• Now I just need to sit down and watch the Metallica videos! I’ve been running around this week thanks to finals. I always found them a more reasonable group likely because they never got into drugs.

      You know, it IS kinda amusing to think about someone going through a divorce reading a divorce book. In my experience, people getting divorced don’t do a whole lot of rational anything, including reading. They pick up a load of vices, quit eating, and end up sleeping on someone else’s couch. Divorce sounds awful.

      Liked by 1 person

  4. I love the combo of ASL and Metallica! How perfect for you! I kind of missed out on the Napster era because the adults in my life were all, Absolutely not, that’s theft. Which came more from a religious perspective than a desire to support artists, I think, but at least made me think about who benefits and who loses out with things like that.


    • I still remember James Hetfield saying he didn’t care if the argument was about a yard gnome, if it’s his yard gnome, you don’t get to steal it just because he’s famous and has money. I admit that I did download quite a few songs way back in the day (not on Napster, something else… I can’t remember) because my friends got me into. Oddly, those downloads of random artists recommended by friends made me a fan of new musicians, which I think was the argument a lot of folks were making at the time: that exposure really can mean more sales later.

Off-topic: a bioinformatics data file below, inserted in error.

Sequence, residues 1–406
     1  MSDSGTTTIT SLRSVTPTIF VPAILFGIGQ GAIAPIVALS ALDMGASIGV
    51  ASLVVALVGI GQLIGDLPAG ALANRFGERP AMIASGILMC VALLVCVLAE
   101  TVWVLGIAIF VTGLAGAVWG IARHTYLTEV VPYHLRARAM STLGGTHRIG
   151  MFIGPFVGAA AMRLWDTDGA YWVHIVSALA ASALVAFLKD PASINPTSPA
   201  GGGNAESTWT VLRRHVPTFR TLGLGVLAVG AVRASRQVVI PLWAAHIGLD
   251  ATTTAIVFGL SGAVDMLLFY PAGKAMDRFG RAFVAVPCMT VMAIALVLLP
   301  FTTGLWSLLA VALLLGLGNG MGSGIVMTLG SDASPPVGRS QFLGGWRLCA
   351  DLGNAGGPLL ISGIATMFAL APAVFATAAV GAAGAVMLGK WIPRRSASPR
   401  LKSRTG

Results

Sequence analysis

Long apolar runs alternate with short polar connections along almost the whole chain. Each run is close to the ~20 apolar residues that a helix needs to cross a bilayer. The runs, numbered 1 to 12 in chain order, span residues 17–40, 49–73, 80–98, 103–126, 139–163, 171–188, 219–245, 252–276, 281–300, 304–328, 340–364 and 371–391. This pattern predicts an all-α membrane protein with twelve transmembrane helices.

Liked by 1 person

  5. That’s so awesome Metallica is including ASL interpretation on the videos for their next album! Hopefully more artists begin doing that kind of thing!

    Well done on your receptive and expressive skills test! I am glad you had a well deserved celebration! I hope all the final wrapping up of classes and exams continues to go well!


  6. That’s brilliant news about Metallica, good for them. And well done on your assessment, and I hope the later on is a blip and your professor can give you some feedback.